Build a memory palace with a healthy brain

 

Last updated 1/17/2023 at Noon

SUE STAFFORD

Scott Crabtree shared information on brain science and improving memory in a C4C workshop last week.

According to Scott Crabtree, to get the best from our brain we must feed it with nutritious foods and rich information.

In his presentation last Thursday morning at the Sisters Fire District Community Hall, sponsored by Citizens4Community (C4C), Crabtree gave an engaging, information-packed workshop, providing guidelines for better remembering.

He used the visual concept of a “memory palace” in which each room represents one facet of memory assigned a vivid visual aid.

Memories are attached to locations, and Crabtree encourages learning in more than one location to enhance remembering what is being learned.

When trying to remember something, moving your eyes left and right can help activate both hemispheres of the brain, creating a better chance of accessing a particular stored memory.

Exercise (moving) helps retain memories.

The final thing heard is the best memory moment, so save the best for last.

Repetition and picturing what you want to remember helps retain the information.

The brain remembers stories and visualizations connected to things to be remembered, the more vivid the better.

Crabtree’s presentation, which was lively and interactive, is one of a dozen workshops he leads all over the country under the umbrella of the Science of Happiness. He offers the ability to learn how to “gain and retain with less pain.”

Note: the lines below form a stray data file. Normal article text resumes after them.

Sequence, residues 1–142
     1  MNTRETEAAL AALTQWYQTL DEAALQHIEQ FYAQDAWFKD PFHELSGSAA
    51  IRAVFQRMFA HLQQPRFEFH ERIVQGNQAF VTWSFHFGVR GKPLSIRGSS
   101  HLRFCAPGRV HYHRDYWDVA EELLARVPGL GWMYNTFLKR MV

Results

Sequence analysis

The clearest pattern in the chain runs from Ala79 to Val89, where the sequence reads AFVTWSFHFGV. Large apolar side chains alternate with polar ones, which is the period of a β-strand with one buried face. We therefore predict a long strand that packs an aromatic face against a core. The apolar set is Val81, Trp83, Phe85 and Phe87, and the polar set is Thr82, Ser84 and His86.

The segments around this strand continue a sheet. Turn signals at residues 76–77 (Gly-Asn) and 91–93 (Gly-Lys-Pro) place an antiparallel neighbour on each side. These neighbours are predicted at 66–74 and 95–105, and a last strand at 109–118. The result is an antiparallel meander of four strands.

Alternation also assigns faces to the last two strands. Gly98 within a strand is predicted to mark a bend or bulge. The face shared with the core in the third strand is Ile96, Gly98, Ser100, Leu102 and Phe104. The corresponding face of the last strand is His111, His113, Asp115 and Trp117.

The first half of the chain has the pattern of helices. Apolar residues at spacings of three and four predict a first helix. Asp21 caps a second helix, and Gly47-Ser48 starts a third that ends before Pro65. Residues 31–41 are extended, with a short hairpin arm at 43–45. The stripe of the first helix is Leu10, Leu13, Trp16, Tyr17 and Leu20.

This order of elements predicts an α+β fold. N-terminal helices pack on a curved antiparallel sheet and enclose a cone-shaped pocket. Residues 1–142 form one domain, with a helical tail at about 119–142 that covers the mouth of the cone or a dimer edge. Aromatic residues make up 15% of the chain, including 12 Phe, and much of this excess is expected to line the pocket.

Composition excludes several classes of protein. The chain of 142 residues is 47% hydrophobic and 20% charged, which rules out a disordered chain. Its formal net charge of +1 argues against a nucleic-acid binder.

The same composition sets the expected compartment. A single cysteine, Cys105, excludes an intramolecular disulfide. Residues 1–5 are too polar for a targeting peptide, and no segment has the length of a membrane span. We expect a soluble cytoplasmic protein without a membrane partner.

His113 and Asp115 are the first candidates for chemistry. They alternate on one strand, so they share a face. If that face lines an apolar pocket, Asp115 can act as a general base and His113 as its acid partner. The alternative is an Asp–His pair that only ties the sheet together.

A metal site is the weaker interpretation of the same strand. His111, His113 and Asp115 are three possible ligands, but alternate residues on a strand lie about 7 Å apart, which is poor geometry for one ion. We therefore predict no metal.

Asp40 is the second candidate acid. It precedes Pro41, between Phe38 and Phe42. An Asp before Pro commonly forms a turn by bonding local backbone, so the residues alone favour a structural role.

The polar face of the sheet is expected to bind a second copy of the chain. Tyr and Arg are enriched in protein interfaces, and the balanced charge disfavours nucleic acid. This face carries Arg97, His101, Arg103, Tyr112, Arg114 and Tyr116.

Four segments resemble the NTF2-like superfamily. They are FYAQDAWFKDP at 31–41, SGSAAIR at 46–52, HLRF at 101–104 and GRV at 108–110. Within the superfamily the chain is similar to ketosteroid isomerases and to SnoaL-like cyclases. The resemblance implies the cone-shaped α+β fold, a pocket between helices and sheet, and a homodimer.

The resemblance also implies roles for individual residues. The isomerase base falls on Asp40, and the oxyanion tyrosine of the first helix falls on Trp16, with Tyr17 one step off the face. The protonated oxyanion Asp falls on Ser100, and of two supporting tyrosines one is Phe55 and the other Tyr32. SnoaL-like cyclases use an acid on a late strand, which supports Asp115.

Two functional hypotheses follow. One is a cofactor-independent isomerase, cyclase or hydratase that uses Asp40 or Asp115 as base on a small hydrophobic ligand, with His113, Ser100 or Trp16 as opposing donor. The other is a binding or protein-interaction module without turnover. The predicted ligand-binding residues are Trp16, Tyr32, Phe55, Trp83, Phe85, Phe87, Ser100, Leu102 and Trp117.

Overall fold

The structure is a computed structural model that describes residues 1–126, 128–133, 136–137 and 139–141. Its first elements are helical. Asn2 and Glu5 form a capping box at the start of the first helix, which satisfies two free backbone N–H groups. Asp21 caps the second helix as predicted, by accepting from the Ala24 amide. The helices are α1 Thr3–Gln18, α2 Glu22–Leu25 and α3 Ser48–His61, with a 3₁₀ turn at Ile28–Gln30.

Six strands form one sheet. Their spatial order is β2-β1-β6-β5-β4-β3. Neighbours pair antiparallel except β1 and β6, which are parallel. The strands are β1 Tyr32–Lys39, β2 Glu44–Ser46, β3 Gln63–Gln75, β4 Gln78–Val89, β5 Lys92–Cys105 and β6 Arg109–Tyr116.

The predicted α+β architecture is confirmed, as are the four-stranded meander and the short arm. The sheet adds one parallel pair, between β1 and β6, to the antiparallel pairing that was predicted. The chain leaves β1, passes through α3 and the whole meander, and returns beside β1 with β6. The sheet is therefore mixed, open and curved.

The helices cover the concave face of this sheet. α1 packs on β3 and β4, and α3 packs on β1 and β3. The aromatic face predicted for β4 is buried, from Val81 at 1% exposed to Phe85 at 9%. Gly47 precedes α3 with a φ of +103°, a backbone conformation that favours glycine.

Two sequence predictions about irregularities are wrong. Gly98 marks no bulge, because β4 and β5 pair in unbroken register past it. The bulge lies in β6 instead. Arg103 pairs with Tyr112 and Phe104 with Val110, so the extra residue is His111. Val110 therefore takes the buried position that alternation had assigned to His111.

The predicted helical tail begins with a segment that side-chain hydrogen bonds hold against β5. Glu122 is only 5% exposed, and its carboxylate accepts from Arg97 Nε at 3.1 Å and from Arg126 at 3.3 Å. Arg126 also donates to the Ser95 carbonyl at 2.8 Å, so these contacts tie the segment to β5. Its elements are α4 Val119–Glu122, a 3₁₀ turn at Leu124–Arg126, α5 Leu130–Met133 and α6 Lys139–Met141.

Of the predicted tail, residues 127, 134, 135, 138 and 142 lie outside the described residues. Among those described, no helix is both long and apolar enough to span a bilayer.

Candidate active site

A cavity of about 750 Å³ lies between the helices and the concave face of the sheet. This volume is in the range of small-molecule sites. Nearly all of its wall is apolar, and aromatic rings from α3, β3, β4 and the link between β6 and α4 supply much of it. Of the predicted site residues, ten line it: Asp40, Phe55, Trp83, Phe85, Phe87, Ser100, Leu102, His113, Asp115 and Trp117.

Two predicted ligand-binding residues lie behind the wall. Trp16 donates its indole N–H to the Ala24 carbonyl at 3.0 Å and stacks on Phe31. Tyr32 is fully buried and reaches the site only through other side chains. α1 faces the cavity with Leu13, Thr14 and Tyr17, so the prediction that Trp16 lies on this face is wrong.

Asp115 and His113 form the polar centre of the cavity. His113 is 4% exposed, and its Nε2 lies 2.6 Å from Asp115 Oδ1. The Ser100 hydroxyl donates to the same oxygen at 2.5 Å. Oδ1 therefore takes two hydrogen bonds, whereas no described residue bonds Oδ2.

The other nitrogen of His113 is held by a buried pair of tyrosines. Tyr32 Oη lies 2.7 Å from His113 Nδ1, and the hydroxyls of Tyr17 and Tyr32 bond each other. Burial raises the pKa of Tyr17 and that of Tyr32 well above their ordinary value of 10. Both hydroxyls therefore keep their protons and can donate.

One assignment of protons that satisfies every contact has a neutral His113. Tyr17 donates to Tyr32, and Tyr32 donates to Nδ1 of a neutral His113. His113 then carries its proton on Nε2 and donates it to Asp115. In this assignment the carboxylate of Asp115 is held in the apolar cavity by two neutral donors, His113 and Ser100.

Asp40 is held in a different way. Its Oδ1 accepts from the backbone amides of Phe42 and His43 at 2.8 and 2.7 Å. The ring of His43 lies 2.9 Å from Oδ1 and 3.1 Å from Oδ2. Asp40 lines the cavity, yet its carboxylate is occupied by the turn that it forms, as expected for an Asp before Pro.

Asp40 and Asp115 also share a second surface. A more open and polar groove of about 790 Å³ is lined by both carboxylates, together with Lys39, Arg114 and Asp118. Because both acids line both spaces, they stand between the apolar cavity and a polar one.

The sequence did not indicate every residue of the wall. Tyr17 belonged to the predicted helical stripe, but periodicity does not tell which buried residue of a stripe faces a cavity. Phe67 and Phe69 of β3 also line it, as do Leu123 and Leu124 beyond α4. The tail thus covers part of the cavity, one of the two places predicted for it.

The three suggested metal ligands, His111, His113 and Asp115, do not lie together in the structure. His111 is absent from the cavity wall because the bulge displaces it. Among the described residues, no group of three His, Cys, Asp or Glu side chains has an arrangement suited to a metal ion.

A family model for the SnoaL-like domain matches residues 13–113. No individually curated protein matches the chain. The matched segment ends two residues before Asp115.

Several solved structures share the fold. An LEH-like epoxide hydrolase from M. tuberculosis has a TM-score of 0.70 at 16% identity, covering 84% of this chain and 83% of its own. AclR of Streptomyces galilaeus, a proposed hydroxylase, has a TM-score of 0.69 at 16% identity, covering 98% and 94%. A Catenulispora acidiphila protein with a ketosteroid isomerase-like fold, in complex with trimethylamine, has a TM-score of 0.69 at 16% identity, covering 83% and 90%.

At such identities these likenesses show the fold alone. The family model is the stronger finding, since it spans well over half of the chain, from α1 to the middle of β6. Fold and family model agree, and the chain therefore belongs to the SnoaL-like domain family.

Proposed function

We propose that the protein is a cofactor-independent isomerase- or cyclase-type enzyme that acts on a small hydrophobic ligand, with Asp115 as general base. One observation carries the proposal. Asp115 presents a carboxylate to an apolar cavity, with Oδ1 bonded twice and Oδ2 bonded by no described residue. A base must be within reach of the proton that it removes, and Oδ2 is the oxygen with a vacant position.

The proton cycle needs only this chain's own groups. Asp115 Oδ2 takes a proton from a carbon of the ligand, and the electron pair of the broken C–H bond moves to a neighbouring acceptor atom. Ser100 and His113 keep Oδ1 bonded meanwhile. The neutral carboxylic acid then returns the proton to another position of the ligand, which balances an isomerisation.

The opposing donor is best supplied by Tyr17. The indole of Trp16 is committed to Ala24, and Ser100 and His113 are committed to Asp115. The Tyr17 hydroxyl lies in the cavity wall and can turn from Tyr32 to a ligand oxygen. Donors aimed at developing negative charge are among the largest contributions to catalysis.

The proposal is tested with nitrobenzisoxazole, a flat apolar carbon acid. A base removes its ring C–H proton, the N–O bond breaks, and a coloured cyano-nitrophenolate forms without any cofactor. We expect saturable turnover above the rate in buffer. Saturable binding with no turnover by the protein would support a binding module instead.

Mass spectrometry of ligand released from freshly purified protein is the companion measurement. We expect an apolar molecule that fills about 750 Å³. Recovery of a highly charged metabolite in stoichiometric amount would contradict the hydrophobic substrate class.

Crabtree grew up in upstate New York, graduating from Vassar College. He came to Portland in 1992 to work for Intel as a tech strategist and manager. In 2011, he began his Science of Happiness presentations.

He has a friend who grew up in Sisters with whom he visited here. Five years ago, Sisters became his “favorite place in the world.”

After the COVID-19 shutdown and working virtually, Crabtree realized he didn’t need to live in Portland to do his work, so two years ago he and his wife made the decision to relocate to Sisters. They purchased a home in Tollgate. He now travels one to two times a month for business.

Their two daughters, Zinnia, 10, and Althea, 14, attend Sisters schools. His wife, Sarah, is the librarian at the middle school. Crabtree said the whole family loves it here.

“We are so happy here. I love the nature and fishing on world-class rivers. I hope to die in Sisters,” Crabtree said.

He has become involved in the community, currently serving on the C4C board of directors. More information on the Science of Happiness is available on Crabtree’s website www.happybrainscience.com. He can be reached at [email protected]

 

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